Memory for Mobile Computing Devices

August 19th, 2013 by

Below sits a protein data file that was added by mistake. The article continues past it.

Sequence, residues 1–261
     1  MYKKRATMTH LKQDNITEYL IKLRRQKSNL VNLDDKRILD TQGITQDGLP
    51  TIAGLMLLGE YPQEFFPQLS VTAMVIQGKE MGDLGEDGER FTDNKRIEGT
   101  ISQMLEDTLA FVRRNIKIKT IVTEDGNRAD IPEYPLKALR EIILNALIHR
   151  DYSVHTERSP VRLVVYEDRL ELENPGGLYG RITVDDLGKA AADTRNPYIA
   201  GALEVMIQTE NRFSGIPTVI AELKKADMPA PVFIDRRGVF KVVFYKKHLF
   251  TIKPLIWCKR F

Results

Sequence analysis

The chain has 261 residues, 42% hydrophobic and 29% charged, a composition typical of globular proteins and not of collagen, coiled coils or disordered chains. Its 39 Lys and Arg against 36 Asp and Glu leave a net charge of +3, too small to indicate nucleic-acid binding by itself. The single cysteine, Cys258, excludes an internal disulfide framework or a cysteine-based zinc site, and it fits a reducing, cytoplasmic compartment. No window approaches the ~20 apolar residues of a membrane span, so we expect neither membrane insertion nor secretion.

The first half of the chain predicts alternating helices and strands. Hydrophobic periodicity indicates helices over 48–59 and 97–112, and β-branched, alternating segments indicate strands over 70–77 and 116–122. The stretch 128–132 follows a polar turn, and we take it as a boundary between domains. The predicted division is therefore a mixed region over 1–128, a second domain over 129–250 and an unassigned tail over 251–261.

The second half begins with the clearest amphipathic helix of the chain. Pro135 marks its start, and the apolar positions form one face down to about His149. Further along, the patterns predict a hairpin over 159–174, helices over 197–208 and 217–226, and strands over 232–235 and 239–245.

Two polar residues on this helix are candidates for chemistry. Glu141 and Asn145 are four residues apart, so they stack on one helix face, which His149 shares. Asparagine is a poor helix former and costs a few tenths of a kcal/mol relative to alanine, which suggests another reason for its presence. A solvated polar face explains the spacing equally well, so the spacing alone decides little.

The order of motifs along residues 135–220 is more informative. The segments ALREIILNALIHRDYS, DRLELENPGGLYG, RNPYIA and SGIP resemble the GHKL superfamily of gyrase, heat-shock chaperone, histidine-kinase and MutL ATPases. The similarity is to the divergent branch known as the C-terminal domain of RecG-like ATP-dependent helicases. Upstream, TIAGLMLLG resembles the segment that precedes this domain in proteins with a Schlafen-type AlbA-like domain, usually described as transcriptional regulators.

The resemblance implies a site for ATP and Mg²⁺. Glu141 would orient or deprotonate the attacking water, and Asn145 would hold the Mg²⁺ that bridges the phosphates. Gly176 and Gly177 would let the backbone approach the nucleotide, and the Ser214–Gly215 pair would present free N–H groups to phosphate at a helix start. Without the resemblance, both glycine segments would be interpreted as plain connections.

A California startup company, based on technology from a university in Michigan, is working to commercialize a new memory chip that could increase the speed and storage available on mobile computing devices. Crossbar memory can store data about 40 times as densely as most compact memory currently used. According to the researchers, Crossbar memory will be much denser and faster than flash memory because it is not based on moving electrons or on transistors. The memory uses a nanoscale structure for data storage. Two layers rod-like electrodes are stacked on top of another, with the rods of the top layer oriented at 90 degrees to those of the layer below to form a grid. Bits of data are stored at each of the junctions, where electrodes from the different layers cross, using an amorphous silicon spacer. Bits are stored when this spacer flips between an insulator and conductor, which either blocks or allows current to pass between layers of electrodes. The company says that the current version of the technology can store one terabyte of data on a single chip 200 square millimeters. For comparison, the densest flash memory chips on the market today store 16 gigabytes on a single chip. The smallest chips, introduced by Micron in May, are 144 square millimeters.